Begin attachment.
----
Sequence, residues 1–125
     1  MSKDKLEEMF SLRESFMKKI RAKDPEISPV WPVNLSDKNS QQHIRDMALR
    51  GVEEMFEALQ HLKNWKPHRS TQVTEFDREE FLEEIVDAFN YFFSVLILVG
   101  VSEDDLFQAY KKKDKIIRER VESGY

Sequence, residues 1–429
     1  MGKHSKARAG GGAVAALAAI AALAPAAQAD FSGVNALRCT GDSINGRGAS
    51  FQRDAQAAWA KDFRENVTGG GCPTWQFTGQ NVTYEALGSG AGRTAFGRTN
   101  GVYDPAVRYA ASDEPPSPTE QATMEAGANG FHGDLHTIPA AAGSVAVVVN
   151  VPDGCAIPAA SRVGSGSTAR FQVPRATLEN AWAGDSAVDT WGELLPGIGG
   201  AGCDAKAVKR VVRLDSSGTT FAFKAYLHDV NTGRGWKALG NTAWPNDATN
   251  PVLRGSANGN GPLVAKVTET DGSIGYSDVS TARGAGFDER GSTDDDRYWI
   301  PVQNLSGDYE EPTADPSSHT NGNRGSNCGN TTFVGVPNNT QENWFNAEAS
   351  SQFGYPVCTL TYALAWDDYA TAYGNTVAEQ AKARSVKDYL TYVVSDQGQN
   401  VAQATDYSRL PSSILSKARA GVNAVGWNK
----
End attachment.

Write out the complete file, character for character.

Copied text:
Sequence, residues 1–125
     1  MSKDKLEEMF SLRESFMKKI RAKDPEISPV WPVNLSDKNS QQHIRDMALR
    51  GVEEMFEALQ HLKNWKPHRS TQVTEFDREE FLEEIVDAFN YFFSVLILVG
   101  VSEDDLFQAY KKKDKIIRER VESGY

Sequence, residues 1–429
     1  MGKHSKARAG GGAVAALAAI AALAPAAQAD FSGVNALRCT GDSINGRGAS
    51  FQRDAQAAWA KDFRENVTGG GCPTWQFTGQ NVTYEALGSG AGRTAFGRTN
   101  GVYDPAVRYA ASDEPPSPTE QATMEAGANG FHGDLHTIPA AAGSVAVVVN
   151  VPDGCAIPAA SRVGSGSTAR FQVPRATLEN AWAGDSAVDT WGELLPGIGG
   201  AGCDAKAVKR VVRLDSSGTT FAFKAYLHDV NTGRGWKALG NTAWPNDATN
   251  PVLRGSANGN GPLVAKVTET DGSIGYSDVS TARGAGFDER GSTDDDRYWI
   301  PVQNLSGDYE EPTADPSSHT NGNRGSNCGN TTFVGVPNNT QENWFNAEAS
   351  SQFGYPVCTL TYALAWDDYA TAYGNTVAEQ AKARSVKDYL TYVVSDQGQN
   401  VAQATDYSRL PSSILSKARA GVNAVGWNK